99 Things Every Female Traveler Should Know

99 Things Every Female Traveler Should Know

From practical travel tips to tips for inner travel peace, the following is a long (very long) list of everything we think a female traveler should know in order to get the most out of a travel experience.

And since the list pretty much explains itself, here we go!

1. How to embrace your natural self.
2. Less is more when it comes to packing.
3. You are your own best security alarm.
4. Dressing modest is important in many parts of the world.
5. Dressing modest is about more than following a dress code.
6. You’re braver than you think.
7. A big scarf is your new best friend.
8. It’s all about the accessories.
9. Comfortable walking shoes. Enough said.
10. Confidence speaks volumes.

#12 - Traveling solo is not the end of the world.

11. Traveling with friends is not always the bright and happy adventure you thought it would be.
12. Traveling solo is not the end of the world.
13. Shower flip flops. Always.
14. People are generally helpful across the globe.
15. If you can’t carry your own luggage, you’ve packed too much.
16. The most stressful moments sometimes end up being the best.
17. Communication happens with more than just words.
18. Make an attempt in the local language. It will be appreciated.
19. Your feet were made for walking. They’re the best way to explore a city.
20. If it doesn’t scare you, you’re not human.

#22 - You can survive with less than you think.

21. Money is money. Memories are everything.
22. You can survive with less than you think.
23. Take other traveler recommendations with a grain of salt; we all enjoy different experiences.
24. Respecting the culture comes first.
25. Researching common travel scams can save you from exploitation.
26. That said, travel scams can happen to anyone.
27. Travel is a marathon. Packing in too much too quick will lead to exhaustion.
28. You don’t have to do it all.
29. Live in the moment as much as possible.
30. Put down the technology.

#30 - Put down the technology.

31. Enjoy the journey.
32. Economy class will never be comfortable.
33. Laughter is the best medicine when plans get interrupted, delayed, etc.
34. Plan for jet lag. It’s real!
35. Street food is usually the best food.
36. Layers, layers, layers.
37. Budget travel is great, but small splurges in the name of safety are worth it.
38. Leggings add warmth, modesty, comfort, and style to a travel wardrobe.
39. Ditch the guidebook every once in a while.
40. You will change; people back home will not.

#43 - The world is a freaking beautiful place.

41. Travel friendly snacks. They can alter the course of a long journey.
42. It’s OK to take a vacation from your vacation.
43. The world is a freaking beautiful place.
44. Falling in love with a place, a culture, a person on the road… is inevitable.
45. Women just aren’t treated the same in some countries.
46. There is such a thing as tourist prices.
47. Hostels are excellent places to find new travel friends.
48. You’re never more than a plane ticket from home.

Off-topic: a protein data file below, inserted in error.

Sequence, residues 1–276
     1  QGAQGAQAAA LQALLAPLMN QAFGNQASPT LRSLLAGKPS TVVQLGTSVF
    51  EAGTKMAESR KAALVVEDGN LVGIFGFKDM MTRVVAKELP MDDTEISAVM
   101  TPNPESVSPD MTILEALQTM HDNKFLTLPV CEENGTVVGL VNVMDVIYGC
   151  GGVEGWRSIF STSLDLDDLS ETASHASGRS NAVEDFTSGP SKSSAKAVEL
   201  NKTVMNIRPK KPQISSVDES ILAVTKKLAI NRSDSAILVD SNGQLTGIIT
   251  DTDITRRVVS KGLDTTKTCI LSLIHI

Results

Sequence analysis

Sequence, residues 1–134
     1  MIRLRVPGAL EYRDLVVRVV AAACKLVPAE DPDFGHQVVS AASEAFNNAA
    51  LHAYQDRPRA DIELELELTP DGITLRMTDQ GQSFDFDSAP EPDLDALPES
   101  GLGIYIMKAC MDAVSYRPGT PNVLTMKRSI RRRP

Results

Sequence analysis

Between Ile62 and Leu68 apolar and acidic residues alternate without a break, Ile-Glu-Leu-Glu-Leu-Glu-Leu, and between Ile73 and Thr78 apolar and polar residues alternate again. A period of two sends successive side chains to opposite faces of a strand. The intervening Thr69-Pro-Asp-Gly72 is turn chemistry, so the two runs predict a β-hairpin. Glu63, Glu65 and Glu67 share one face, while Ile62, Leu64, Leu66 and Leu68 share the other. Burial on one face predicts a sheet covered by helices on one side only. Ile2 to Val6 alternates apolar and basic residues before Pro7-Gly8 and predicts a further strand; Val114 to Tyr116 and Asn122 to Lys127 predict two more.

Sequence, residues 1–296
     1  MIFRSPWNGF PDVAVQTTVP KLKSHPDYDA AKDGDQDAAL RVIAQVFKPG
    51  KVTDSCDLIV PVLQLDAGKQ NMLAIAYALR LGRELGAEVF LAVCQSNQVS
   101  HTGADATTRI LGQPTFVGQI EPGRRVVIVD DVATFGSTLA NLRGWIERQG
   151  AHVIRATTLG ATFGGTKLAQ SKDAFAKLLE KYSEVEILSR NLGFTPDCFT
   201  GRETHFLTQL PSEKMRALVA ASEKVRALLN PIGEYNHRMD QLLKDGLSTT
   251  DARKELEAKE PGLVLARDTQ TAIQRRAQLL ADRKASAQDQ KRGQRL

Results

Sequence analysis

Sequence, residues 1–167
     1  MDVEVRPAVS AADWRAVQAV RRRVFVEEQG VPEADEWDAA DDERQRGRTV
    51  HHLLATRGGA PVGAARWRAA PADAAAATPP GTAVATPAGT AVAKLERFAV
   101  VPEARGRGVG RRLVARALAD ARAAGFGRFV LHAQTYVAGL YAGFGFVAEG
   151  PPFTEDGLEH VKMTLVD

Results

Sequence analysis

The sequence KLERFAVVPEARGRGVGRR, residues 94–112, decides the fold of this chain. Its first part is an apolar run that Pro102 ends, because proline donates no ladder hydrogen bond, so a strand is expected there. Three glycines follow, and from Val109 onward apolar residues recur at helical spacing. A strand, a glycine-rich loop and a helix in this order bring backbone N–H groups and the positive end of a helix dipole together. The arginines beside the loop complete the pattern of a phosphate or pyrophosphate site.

49. Homesickness happens.
50. You don’t need as much make-up as you think.

Speaking of hostels, you can search and book for places to stay on Booking.com. Click here to search now. Or, try an AirBnb!

#50 - You don't need as much makeup as you think.

51. A Skype call to someone back home can make a big difference.
52. Leave the hair dryer at home.
53. Learn how to haggle.
54. Realize when it’s not worth haggling.
55. People at home will tell you it’s too dangerous to travel (solo or otherwise). It’s not.
56. It’s ok to change your plans, stay somewhere longer, or leave earlier if you want.
57. A book is a great dinner companion.
58. A digital book is even better for packing.
59. Take lots of pictures.
60. But don’t spend your travel time posting them all to Facebook.

#61 - Travel makes you more confident.

61. Travel will make you more confident.
62. If you get overwhelmed, stop and take a deep breath.
63. You can’t prepare for everything.
64. Don’t expect things in other countries to be like they are at home.
65. The overnight bus/train/plane is not always worth the savings.
66. Use sunscreen.
67. Wear a hat in the sun, even if you hate hats.
68. Try the Diva Cup.
69. It’s not a fashion show.
70. Don’t plan too much. Lots of great experiences come out of spontaneity.

#70 - Don't plan too much.

71. Show up early for the bus, train, or plane.
72. But be prepared to wait from time to time.
73. Always carry tissues in your pocket or purse.
74. The art of squat toilets.
75. The art of saying no, and meaning it.
76. Plastic bags are a hostel dorm room nightmare.
77. Memories are the best souvenirs.
78. Your passport is worth its weight in gold; protect it.
79. Baggage restrictions vary; do your research in advance to avoid check-in drama.
80. You can never have too many hair ties.

#86 - How to read a map the old fashioned way.

81. A watch is still a handy way to keep track of time (and time differences).
82. Travel with kids is still a possibility.
83. Packing cubes.
84. Alcohol in moderation.
85. Travel insurance may sound like a waste of money, until it’s not.
86. How to read maps the old fashioned way.
87. Leave the valuables at home.
88. Investing in quality travel gear may cost more, but is often more worthwhile in the long-run.
89. Sometimes it’s OK to leave the to-do list at home.
90. Travel inspires creativity and reinvigorates your soul.

#92 - How to follow your own path.

91. How to be open-minded.
92. How to follow your own path.
93. People watching is a cheap way to explore a culture.
94. Don’t drink the water unless you’re sure it’s safe.
95. Airport security is easier when you’re organized.
96. To not set unreal expectations.
97. Get outside your comfort zone.
98. Don’t be afraid to ask for help.
99. Travel is what you make of it.

And now, we’d love to know: What would be your #100? Share it below!

99 Things Every Female Traveler Should Know

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Written by Brooke